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Title: Adverbial clauses in Mandarin Chinese: a corpus-based study
Authors: Wong, May Lai-Yin
Keywords: Sino-Tibetan Languages
Chinese Language
Mandarin - Grammar
Adverbiale Clause
Issue Date: 2005
Publisher: Lancaster University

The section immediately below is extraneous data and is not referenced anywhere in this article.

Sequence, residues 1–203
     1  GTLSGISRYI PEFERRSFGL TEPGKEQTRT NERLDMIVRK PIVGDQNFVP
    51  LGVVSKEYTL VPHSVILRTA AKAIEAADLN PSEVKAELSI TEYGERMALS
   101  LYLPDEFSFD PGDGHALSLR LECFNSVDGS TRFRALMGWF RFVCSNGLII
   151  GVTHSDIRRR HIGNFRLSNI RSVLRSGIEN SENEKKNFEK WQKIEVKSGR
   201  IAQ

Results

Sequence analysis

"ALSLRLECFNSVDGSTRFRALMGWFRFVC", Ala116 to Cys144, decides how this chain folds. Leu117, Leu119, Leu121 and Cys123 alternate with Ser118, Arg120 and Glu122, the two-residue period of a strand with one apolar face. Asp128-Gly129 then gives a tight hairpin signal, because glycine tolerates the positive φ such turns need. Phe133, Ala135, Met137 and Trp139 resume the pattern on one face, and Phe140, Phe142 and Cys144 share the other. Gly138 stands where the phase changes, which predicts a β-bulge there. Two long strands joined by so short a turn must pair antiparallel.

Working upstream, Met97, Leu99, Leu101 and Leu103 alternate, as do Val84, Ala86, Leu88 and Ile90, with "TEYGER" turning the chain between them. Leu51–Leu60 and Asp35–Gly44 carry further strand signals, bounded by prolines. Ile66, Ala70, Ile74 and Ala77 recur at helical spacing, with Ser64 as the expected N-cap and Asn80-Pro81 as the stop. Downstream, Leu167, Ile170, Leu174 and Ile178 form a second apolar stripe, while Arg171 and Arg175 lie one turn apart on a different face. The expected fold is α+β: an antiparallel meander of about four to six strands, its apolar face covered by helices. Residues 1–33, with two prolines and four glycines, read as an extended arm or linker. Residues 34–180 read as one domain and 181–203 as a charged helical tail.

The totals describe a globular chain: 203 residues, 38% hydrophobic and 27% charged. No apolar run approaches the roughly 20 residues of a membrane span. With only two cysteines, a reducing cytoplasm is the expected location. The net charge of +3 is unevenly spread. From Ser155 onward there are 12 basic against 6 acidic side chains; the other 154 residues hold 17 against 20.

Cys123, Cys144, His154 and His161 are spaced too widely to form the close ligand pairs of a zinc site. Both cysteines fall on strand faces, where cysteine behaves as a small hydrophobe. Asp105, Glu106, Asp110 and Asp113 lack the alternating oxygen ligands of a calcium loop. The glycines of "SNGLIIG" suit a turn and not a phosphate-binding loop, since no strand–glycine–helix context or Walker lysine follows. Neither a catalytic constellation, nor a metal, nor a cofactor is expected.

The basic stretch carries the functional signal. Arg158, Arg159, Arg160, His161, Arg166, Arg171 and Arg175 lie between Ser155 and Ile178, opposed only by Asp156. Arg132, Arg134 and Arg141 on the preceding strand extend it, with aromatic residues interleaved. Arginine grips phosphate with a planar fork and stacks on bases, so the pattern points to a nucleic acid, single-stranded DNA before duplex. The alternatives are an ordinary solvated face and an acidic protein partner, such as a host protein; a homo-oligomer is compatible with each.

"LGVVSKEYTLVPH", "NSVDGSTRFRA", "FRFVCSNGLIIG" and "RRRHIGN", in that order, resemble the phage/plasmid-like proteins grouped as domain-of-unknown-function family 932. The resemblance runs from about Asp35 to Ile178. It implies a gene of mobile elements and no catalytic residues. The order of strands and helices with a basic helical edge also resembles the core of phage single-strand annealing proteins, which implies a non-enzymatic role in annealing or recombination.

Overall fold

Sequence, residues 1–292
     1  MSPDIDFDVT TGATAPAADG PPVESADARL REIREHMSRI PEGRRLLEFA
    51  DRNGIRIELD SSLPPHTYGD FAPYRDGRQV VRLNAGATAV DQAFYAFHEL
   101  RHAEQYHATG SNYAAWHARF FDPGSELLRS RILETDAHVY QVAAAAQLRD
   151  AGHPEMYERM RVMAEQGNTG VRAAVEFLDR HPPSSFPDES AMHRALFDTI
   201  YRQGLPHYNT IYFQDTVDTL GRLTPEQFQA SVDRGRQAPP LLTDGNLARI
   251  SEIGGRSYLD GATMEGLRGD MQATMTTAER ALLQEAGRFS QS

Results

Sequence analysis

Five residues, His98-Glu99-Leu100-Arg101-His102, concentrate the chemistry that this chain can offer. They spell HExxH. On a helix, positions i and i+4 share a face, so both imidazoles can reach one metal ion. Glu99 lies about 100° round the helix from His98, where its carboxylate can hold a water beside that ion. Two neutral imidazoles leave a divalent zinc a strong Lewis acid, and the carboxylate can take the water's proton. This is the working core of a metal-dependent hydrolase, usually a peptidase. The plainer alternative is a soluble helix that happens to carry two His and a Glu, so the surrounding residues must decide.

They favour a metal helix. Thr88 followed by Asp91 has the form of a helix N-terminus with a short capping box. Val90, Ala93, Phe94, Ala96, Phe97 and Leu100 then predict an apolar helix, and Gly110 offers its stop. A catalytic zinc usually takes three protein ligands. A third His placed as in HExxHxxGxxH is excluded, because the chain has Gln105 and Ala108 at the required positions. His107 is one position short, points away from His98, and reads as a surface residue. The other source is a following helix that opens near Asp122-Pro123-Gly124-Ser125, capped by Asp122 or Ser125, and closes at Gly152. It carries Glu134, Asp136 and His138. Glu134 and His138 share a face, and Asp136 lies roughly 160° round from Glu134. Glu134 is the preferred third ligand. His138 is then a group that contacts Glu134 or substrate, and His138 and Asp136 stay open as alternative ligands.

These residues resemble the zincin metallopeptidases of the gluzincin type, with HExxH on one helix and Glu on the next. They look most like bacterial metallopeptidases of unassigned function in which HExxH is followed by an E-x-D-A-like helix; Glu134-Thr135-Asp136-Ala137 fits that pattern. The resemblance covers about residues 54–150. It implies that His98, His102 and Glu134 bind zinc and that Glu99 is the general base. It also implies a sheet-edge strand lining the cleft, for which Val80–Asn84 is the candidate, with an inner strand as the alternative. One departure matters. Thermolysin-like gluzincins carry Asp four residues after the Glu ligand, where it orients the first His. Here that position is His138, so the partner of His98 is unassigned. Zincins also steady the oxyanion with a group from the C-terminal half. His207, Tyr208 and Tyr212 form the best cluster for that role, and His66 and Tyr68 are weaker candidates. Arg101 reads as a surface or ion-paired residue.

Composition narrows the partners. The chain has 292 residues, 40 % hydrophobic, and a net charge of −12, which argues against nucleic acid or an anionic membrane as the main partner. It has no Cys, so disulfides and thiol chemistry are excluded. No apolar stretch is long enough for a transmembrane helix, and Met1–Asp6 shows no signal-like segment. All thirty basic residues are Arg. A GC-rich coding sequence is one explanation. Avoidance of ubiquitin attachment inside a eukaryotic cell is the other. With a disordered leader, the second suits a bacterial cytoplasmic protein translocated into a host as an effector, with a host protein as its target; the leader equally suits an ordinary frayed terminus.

Abstract: This thesis is a corpus-based study of adverbial clauses in Mandarin Chinese. Adverbial clauses are optional subordinate clauses modifying a main clause. The corpora used in this thesis are the PFR Chinese Corpus, the Lancaster Corpus of Mandarin Chinese (LCMC) and the CALLHOME Mandarin Chinese Transcripts Corpus. A manually-parsed sample skeleton treebank, containing some 100,000 word tokens was built to enable the exploration of adverbial clauses. It shows that Chinese adverbial clauses (CACs) are overtly marked by a subordinating conjunction. On the basis of 57 adverbial subordinators as used in the PFR corpus (a homogeneous corpus of journalistic texts), I adopt a problem-oriented tagging approach and identify 2,417 adverbial clauses in the corpus. Eleven semantically based classes are defined, namely, clauses of condition, concession, purpose, cause/reason, contrast, result, exception, addition, inference, preference and time. The non-overt subjects (PRO) in CACs prove to be constrained by the PRO theorem of Government and Binding Theory in that they occur only in ungoverned positions and are thus properly licensed. The distribution of PROs varies significantly across the semantic domains of adverbial clauses: overt subjects are commonly used in concessive and causal clauses, while non-overt subjects are predominant in clauses of condition and are slightly less frequently used in clauses of purpose, contrast and result. The other semantic types of adverbial clause do not show a significant difference in their use of overt and non-overt subjects. The distribution of PROs is explained in terms of information structure in that the management of given/new information acts as a constraint for the selection of subject type in CACs. Results obtained from the LCMC corpus (a balanced corpus with fifteen distinct text types) indicate that conditional and concessive clauses are not a marked feature of journalistic writing. The distribution of subjects varies across adverbial semantic domains but it does not vary within certain text types of the corpus. The effect of semantic domain on the distribution of subjects, however, depends on text type. In contrasting the distribution of adverbial clauses and their subjects in CALLHOME (a corpus of telephone conversations) and that in the LCMC, it is shown that there is a relatively low frequency of purpose, result and contrast clauses in both conversation and narrative texts, and clauses of reason and exception strongly favour overt subjects in both spoken and written Chinese. However, clauses of concession in spoken Chinese do not show such a marked preference for a particular kind of subject, indicating an important difference in spoken and written registers' use of adverbial clauses.
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